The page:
# Difference between revisions of "Parsing a simple imperative language"

This tutorial will present how to parse a subset of a simple imperative programming language called WHILE (introduced in a book "Principles of Program Analysis" by Nielson, Nielson and Hankin). It includes only a few statements and basic boolean/arithmetic expressions, which makes it a nice material for a tutorial.

## Imports

First let's specify the name of the module:

```> module ParseWhile where
```

And then import the necessary libraries:

```> import System.IO
> import Text.ParserCombinators.Parsec
> import Text.ParserCombinators.Parsec.Expr
> import Text.ParserCombinators.Parsec.Language
> import qualified Text.ParserCombinators.Parsec.Token as Token
```

## The language

The grammar for expressions is defined as follows:

a  ::= x | n | - a | a opa a

b  ::= true | false | not b | b opb b | a opr a

opa ::= + | - | * | /

opb ::= and | or

opr ::= > | <

Note that we have three groups of operators - arithmetic, booloan and relational ones.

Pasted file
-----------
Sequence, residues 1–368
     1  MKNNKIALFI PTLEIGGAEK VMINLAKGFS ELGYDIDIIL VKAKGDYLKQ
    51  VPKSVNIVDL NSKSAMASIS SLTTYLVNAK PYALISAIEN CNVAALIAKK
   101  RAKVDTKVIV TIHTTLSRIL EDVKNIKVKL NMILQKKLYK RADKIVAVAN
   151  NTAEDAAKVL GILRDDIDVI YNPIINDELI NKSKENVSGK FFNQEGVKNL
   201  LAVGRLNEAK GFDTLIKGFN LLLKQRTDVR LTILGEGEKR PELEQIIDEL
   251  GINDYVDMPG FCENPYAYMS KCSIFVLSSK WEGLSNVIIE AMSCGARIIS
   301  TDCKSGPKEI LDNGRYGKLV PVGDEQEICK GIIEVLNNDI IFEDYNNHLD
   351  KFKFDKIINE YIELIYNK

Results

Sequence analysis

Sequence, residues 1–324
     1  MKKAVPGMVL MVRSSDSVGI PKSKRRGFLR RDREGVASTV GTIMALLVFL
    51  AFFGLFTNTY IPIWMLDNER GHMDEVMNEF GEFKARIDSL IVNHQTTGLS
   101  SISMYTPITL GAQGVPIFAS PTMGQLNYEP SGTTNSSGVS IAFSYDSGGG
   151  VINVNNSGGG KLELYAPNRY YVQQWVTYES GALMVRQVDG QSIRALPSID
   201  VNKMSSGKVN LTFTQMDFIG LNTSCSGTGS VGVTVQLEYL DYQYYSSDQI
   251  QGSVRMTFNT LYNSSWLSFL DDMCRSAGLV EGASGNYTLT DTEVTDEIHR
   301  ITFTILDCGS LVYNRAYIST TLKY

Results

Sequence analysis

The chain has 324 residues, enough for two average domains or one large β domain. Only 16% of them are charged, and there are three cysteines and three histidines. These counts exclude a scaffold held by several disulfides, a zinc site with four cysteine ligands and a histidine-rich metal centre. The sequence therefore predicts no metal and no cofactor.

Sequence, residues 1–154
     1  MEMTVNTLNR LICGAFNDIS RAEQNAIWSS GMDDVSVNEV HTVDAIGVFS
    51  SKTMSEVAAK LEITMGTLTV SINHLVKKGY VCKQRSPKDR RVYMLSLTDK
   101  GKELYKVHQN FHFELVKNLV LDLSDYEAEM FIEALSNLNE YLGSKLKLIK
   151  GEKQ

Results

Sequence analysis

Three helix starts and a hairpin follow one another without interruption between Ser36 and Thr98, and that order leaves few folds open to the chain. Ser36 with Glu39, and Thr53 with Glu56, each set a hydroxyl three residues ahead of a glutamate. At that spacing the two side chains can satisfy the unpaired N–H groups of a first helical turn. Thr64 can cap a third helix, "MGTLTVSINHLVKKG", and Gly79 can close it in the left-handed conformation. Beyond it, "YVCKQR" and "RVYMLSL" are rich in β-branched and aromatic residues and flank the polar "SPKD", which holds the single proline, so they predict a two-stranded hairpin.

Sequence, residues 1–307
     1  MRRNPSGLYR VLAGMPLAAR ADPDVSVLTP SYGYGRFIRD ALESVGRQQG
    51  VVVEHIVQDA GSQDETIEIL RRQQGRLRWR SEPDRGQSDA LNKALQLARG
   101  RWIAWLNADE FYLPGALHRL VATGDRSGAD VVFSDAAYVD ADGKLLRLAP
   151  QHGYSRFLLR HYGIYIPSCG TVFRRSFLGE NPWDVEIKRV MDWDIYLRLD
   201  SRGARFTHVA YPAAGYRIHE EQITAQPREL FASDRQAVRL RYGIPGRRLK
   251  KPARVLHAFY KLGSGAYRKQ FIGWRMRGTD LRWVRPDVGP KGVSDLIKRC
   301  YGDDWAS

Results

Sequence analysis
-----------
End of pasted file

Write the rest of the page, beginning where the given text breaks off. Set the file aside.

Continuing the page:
And now the definition of statements:

S  ::= x := a | skip | S1; S2 | ( S ) | if b then S1 else S2 | while b do S

We probably want to parse that into some internal representation of the language (abstract syntax tree). Therefore we need to define the data structures for the expressions and statements.

## Data structures

We need to take care of boolean and arithmetic expressions and the appropriate operators. First let's look at the boolean expressions:

```> data BExpr = BoolConst Bool
>            | Not BExpr
>            | BBinary BBinOp BExpr BExpr
>            | RBinary RBinOp AExpr AExpr
>             deriving (Show)
```

Binary booloan operators:

```> data BBinOp = And | Or deriving (Show)
```

Relational operators:

```> data RBinOp = Greater | Less deriving (Show)
```

Now we define the types for arithmetic expressions:

```> data AExpr = Var String
>            | IntConst Integer
>            | Neg AExpr
>            | ABinary ABinOp AExpr AExpr
>              deriving (Show)
```

And arithmetic operators:

```> data ABinOp = Add
>             | Subtract
>             | Multiply
>             | Divide
>               deriving (Show)
```

Finally let's take care of the statements:

```> data Stmt = Seq [Stmt]
>           | Assign String AExpr
>           | If BExpr Stmt Stmt
>           | While BExpr Stmt
>           | Skip
>             deriving (Show)
```

## Lexer